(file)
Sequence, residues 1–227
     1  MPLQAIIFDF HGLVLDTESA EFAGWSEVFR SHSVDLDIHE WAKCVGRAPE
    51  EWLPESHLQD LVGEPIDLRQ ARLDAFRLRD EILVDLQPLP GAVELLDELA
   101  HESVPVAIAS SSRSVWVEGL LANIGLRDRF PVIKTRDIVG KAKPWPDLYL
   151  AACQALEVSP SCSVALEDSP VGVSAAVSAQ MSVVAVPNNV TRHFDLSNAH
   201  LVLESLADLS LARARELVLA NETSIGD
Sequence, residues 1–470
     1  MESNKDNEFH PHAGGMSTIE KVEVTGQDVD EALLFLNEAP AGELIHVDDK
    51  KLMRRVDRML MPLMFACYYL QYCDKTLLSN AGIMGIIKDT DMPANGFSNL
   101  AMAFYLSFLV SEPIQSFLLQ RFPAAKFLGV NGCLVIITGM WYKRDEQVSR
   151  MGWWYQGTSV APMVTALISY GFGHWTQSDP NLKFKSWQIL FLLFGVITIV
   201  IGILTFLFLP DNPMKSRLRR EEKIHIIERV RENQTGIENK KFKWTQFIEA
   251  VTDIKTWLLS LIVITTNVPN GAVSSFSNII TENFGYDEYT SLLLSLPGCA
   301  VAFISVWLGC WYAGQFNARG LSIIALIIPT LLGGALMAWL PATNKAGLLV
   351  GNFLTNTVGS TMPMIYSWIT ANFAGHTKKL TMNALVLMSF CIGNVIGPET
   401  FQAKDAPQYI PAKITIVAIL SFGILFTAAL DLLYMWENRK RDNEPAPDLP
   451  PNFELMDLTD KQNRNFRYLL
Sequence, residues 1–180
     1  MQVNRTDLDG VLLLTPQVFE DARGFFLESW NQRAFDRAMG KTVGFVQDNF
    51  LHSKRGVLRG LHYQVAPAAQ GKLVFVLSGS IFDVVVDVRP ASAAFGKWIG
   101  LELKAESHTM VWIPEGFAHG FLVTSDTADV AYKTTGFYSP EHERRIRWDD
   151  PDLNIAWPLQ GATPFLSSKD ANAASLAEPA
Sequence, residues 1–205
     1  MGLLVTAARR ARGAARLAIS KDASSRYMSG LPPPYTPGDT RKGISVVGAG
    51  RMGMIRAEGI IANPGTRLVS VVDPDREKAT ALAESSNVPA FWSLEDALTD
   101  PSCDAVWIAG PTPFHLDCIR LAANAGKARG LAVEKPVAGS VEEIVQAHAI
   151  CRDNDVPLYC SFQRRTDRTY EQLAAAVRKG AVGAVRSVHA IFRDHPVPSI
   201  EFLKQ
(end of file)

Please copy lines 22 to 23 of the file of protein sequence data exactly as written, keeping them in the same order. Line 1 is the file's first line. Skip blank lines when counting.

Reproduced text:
   151  PDLNIAWPLQ GATPFLSSKD ANAASLAEPA
Sequence, residues 1–205